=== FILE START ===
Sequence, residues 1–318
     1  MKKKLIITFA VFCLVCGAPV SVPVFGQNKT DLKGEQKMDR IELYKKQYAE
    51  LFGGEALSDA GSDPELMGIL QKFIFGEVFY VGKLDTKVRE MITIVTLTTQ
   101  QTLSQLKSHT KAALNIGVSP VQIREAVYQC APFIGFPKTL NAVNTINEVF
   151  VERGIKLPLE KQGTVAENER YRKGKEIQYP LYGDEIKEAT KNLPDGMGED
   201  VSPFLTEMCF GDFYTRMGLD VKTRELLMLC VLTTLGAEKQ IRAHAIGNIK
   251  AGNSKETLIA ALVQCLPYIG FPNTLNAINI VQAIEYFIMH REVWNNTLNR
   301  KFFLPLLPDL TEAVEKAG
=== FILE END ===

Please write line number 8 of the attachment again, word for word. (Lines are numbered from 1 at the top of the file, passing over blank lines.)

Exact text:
   301  KFFLPLLPDL TEAVEKAG